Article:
I was in Cape Town when the Hertzog government tried to pass the Color-Bar Bill. That was opposed to the British idea of the protection of natives, and as such was the subject of the biggest demonstration of all the medical and legal fraternities and the various churches and denominations, headed by the Anglican and Roman Catholic bishops. The Assembly turned down the Bill, which I knew would never have had the Royal assent.
I knew that General Hertzog would not be allowed to go to London on his own, and I see that from time to time South Africans and the papers are reminding the British people that he does not represent the South African Union. There is a good deal of controversy going on in, regard to Hertzog's ideals instead of Smuts'. However, it is my idea that it is the older element, the Dutch, that is responsible for the bitter feeling. I travelled two days and two nights with Dutchmen who had been in the Great War, and their feeling was that as soon as the old element passes out all this bitter hatred in South Africa will be an incident, and there will be good feeling between the races.
I had been away from London for 41 years; I took my family out to New Zealand when I was five years old. Many opportunities were given me by relatives, and I had the entree to many places. By courtesy of the C.P.R., with which every Canadian ought to be jolly well pleased as one of the finest and best managed concerns, I was enabled to meet a number of American bankers when I visited London. I am wondering whether Canada, by reason of the close proximity of the lesser, is overlooking and forgetting the fact that she is a component part of the greater.
Here comes a question of visualizing, and a question also of perspective. When I reached London I realized what a terribly small pebble I and our country was on the great imperial beach. I got some idea of the banking institutions there, and the wonderful control of the street traffic. Oh, dear me, I tell you I took my hat off many a time in London. If you will only realize, when you go there, that you are a child of the grand old couple at home, you will go away from there and your hat won't fit you.
Think of the situation. Britain had loaned France £60,000,000 sterling. It is estimated that she lost in Russia over £700,000,000 sterling through the failure of the Soviet regime to take over the debts of the Tsarist regime. She has carried Italy on her back; she has Czecho-Slovakia, Bulgaria and Rumania, Spain and her own Dominions. She financed the war in Germany. She has admitted and has paid her obligation to the United States of America; yet America, as her creditor nation, was paying her an appreciated value for her sovereign at that date. I tell you, gentlemen, history has no precedent for such a condition of affairs.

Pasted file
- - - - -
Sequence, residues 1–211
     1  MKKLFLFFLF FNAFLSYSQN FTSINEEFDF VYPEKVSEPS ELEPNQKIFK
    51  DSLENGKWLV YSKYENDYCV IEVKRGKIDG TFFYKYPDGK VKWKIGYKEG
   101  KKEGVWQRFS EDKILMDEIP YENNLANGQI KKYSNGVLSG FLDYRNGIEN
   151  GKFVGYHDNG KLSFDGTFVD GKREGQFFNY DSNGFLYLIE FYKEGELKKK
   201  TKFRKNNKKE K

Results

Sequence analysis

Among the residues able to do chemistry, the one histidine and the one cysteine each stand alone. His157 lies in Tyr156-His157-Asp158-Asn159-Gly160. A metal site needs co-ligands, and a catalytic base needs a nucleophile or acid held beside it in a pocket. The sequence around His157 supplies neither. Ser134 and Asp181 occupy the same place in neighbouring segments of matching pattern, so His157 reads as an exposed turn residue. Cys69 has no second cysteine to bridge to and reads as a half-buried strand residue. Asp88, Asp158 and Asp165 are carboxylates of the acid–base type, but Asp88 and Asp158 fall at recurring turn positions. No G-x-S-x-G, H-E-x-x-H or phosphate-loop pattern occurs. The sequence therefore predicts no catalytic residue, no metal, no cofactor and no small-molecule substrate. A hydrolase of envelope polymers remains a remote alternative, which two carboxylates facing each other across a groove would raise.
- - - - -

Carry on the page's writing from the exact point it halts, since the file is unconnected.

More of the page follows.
The hidden wealth of Britain today must be simply enormous; it absolutely beggars description, and it is not in times of post-war business, and after making money; it is recognized that it is in a time of dire need and distress that Britain is financing the world, with her own coal strike going on, which is costing her so many millions; yet her creditor nation is paying somewhere above par, and it makes me proud to be a member of that family.
In regard to motor traffic, there are no speed laws in London. I consider their system is the finest thing out. I have been a motor driver for twenty years, and I consider that the fixing of a speed limit is wrong, because what may be safe at one time is unsafe in other circumstances. I may go along King Street in this city at 4 o'clock in the morning at fifty miles an hour and be quite safe, and yet 25 miles later in the day may be very dangerous, though if I go at that speed I am within the law. London puts the onus on the driver, and that is the proper way to do it.
London's underground railways are absolutely wonderful, and her control of the street traffic is amazing. If they had the New York system in London they would block the traffic in five minutes. I never saw anything in my life like the system in Madison Avenue in New York. The controller presses a button and everything stops at once. It is just like a Gilbert and Sullivan opera when they put the sob-stuff on and the pirates go to pieces. At the intersection everything stops; it doesn't matter whether there is anything in the cross-streets.
It has been a great pleasure to be here this afternoon, and I am glad if anything I have said has enabled you to visualize to some extent our places in the Empire, and has impressed you, as I have been impressed, with the conviction that we have a heritage which we must maintain and fight for. Our forefathers have built strongly, and it is up to us to do everything we can for the maintenance and upbuilding of this grand British. Empire.
THE CHAIRMAN voiced the thanks of the Club to LIEUTENANT HILL for his address.